My criticism was because in my mind (just coming out of working directly within an aged care provider) was

“they needed to keep up with the times”.

The industry has moved on. In the main.

I’ll clarify; the more progressive aged care organisations who needed to create efficiencies within their workplaces for economical reasons, (and certainly for service offerings in light of industry reshaping earlier this year), have moved on or are knee deep in significant change management project implementations.

You can take that cynically, or you can take that as “any respective business needs to reshape itself in changing times to survive the marketplace”.

It’s all about perspective.


My own time in aged care has been short – only 4 years. 2.5 of those actually working in it. Prior to working in it, I was doing corporate communications for corporates.

This aged care cottage industry was new to me – but it wasn’t long before I shook the pinny off and settled into reshaping ideas and concepts where I personally could within my delegated duties. Yes, I introduced Facebook. Actually, I also introduced Twitter, Instagram, blogging, videos and pinning. The result? Well, it only took two years…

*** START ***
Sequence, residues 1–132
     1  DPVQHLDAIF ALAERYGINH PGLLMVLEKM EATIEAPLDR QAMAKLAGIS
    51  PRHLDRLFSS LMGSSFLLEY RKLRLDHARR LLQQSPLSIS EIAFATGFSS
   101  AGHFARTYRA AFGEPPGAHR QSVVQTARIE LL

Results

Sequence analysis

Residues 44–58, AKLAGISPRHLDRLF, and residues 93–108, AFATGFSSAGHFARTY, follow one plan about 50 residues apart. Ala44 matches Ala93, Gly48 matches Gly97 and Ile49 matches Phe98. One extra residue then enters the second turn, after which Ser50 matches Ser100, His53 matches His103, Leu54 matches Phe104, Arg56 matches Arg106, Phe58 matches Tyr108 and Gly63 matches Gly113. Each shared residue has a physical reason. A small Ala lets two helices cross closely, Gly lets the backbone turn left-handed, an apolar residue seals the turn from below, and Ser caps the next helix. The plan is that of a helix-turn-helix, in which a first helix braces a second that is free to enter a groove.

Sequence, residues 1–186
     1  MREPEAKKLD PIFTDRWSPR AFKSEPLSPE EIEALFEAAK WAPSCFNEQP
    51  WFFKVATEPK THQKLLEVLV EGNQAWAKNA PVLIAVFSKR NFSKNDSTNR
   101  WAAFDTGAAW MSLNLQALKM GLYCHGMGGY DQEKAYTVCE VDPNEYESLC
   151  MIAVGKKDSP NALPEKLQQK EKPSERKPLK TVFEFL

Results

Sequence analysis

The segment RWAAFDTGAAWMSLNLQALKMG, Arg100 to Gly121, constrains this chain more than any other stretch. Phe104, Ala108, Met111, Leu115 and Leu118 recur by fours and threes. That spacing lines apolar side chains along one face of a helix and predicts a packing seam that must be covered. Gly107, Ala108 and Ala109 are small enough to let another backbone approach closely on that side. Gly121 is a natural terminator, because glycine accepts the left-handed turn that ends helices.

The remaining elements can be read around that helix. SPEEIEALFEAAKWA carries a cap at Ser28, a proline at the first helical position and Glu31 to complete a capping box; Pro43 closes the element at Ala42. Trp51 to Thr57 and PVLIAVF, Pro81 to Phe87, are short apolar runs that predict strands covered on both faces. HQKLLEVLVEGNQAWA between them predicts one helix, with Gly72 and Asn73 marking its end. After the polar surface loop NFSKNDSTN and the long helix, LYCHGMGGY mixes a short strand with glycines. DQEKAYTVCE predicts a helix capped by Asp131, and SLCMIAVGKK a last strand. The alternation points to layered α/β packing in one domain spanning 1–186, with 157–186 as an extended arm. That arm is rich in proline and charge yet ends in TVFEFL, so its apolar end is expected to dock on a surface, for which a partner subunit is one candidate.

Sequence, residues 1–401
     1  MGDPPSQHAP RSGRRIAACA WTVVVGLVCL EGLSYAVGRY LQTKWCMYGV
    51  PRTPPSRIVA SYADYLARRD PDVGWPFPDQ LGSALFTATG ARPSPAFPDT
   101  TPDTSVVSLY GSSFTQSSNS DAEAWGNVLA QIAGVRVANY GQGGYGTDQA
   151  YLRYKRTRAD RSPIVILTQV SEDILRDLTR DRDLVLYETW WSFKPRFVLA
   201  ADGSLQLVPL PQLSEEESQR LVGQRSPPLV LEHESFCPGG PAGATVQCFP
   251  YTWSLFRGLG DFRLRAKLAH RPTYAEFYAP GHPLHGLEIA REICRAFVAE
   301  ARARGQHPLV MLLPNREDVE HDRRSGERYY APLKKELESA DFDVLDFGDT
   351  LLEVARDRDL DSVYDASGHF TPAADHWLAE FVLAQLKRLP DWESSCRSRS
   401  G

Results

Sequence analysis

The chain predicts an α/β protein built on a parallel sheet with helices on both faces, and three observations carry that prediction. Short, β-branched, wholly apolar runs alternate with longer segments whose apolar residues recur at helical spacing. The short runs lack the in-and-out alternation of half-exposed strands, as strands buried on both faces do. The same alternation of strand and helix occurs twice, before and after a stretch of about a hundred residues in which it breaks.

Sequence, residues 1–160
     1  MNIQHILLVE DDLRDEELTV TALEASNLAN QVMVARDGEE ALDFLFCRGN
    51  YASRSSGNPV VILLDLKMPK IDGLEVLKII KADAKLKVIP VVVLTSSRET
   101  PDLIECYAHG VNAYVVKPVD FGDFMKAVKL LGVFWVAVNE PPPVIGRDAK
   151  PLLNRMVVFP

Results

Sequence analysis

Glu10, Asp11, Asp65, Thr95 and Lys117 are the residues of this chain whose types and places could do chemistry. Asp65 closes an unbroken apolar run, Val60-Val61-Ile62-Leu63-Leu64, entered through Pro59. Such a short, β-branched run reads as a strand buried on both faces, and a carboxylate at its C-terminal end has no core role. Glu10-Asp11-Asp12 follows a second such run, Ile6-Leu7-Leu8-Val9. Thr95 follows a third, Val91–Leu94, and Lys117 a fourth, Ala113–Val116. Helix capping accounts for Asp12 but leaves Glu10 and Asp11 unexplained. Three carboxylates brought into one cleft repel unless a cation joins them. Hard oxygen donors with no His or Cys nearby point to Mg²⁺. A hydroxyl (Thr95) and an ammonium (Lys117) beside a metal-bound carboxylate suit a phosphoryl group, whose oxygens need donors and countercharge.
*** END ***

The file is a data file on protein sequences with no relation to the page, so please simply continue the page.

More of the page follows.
I got tapped on the shoulder and now work for the Aged Care Industry Association, spreading my joy for aged care across the entire sector. My appointment didn’t surprise anyone; least of all my mother.

My mother is living proof and testament to how far the aged care industry has come in the last 4 years.

My aged care journey started full thrust when my mother broke her back. It started inside hospitals, respite centres, doctors, specialists, Centrelink, Medicare, and that’s just the tip of the iceberg. She had serious health issues (heart and arthritis ending with a mini stroke). She now lives in residential care.

They have rehabilitated her well and she is now yet another delightful old lady living her days, happily painting pictures, sitting in the garden with the sun on her face and whinging about the food.